Election Exit Polls: How Obama Won

Posted on November 8, 2012

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An examination of the exit polls sheds light on how a president facing unemployment near 8 percent, debt topping $16 trillion and mounting questions over the Libya terror attack was able to win a second term in office.

Obama’s win Tuesday night came from a strong showing among core Democratic constituencies, being more likeable than his opponent, and an economy that voters felt is doing well-enough to give him another four years. Also, the president’s response to Hurricane Sandy in the final days of the campaign was an important factor to many voters.

Obama’s key groups made the difference — both in their makeup of the electorate and, for the most part, their strength of support for him.

Non-whites made up 28 percent of the electorate, up a bit from 27 percent in 2008.  This group largely backed Obama:  71 percent of Hispanics (it was 67 percent last time), and 93 percent of blacks (down a touch from 95 percent).

Republican challenger Mitt Romney won among white voters by 20 percentage points.  That’s up from John McCain’s edge of +12 points in 2008.  In addition, the share of votes cast by whites was lower (72 percent) than it has been going back to at least 1992.

Click to read the exit polls.

Young voters were important to giving Obama his first term.  Voters under age 30 showed up again this time:  They represented 19 percent of all voters, one point higher than the 18 percent in 2008.  Even so, they didn’t back him as strongly this time: 60 percent — down six points.

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Young Voters

Obama            60%

Romney          37%

Seniors backed Romney by 56-44 percent, mostly unchanged from 2008.

Meanwhile, more Democrats than Republicans voted, 38-32 percent.  In 2008, Democrats also outnumbered Republicans by 39-32 percent.

Almost all Democrats supported the president (92 percent).  That support was equaled among Republicans for Romney (93 percent).

Forty-five percent of independents backed Obama, down from 52 percent last time.  Half of this swing group preferred Romney (49 percent).

Marital status was a more significant factor than gender this year.  Women, a traditional Democratic voting group, backed Obama by 11 points — about the same as by 13 points in 2008.  Even so, married women backed Romney by 7 points (an improvement from McCain’s +3 showing).

Men backed Romney (52-45 percent), and married men backed him by an even wider margin (60-38 percent).

Romney was successful in energizing his base: conservatives accounted for 35 percent of all voters today, one-point higher than in 2008.  And he captured 82 percent of them (McCain got 78 percent).  White born-again Christians made up 26 percent of the voters today and 78 percent favored Romney (for McCain it was 74 percent).

In addition, white Catholics went for Romney by a margin of 59-40 percent.  This is a group that has historically backed the winner.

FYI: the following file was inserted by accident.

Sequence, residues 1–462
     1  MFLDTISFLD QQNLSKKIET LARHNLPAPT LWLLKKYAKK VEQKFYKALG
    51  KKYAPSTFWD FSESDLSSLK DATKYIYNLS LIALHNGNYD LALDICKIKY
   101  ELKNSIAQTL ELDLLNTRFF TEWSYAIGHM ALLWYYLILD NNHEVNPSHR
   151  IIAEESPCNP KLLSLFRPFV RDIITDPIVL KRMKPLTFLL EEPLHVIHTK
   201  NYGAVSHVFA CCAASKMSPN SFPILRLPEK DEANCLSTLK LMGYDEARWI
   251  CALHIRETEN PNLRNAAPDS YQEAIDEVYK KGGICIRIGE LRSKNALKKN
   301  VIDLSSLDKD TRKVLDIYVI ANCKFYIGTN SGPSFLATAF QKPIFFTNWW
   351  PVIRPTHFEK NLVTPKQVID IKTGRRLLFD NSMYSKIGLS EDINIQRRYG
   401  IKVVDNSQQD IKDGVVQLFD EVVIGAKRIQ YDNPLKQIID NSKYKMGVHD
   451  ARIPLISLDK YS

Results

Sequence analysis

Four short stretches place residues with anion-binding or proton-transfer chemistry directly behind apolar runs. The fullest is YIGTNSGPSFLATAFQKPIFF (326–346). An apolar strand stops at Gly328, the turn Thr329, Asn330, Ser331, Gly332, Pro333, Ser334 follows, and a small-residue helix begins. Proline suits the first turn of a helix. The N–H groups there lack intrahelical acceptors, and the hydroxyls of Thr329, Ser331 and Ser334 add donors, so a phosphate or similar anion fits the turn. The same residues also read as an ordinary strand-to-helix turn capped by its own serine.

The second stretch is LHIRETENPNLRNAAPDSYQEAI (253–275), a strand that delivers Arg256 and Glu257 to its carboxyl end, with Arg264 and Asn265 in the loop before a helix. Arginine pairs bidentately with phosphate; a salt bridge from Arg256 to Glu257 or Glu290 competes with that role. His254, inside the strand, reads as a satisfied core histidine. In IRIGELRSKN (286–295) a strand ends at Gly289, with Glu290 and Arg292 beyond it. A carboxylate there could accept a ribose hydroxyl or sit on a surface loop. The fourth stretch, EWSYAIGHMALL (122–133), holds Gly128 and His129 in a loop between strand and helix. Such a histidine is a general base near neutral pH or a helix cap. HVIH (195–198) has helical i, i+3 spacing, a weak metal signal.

About four voters in 10 say Obama’s response to Hurricane Sandy was important to their vote (42 percent), and they backed the president by a better than two-to-one margin.  Fifteen percent said it was the “most important” factor in their vote.

Mood of the Country

Obama’s victory comes despite voter dissatisfaction with how things are going in the country, mediocre economic ratings and a majority opposing his health care plan.

Less than half of voters think the country is headed in the right direction (46 percent).  Fifty-two percent say things are going in the wrong direction.  Still, that’s an improvement from the 75 percent who thought so in 2008.

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Direction of the Country

Right Direction           46%

Wrong Track              52%

For reference, when former President George W. Bush won re-election in 2004, it was 49 percent right direction and 46 percent wrong track.

Voters who said the country is on the right track went for Obama (93-6 percent), while those who said things are going in the wrong direction went solidly for Romney (84-13 percent).

Overall, 23 percent rate the condition of the nation’s economy positively (2 percent “excellent” and 21 percent “good”).  That’s three times as many as the 7 percent who rated it positively in 2008.

Fully 77 percent of voters gave a gloomier assessment (45 percent “not so good” and 31 percent “poor”).

Almost all Republicans (96 percent) and most independents (80 percent) gave the economy a thumbs-down, as did 58 percent of Democrats.

Voters are also divided over whether the economy is getting better or worse (39-30 percent).

Obama benefited from more voters blaming Bush (53 percent) than him (38 percent) for current economic conditions.

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Blame For Current

Economic Problems

Obama            38%

Bush                53%

Click to continue reading via Fox News exit poll summary: Obama’s key groups made the difference | Fox News.

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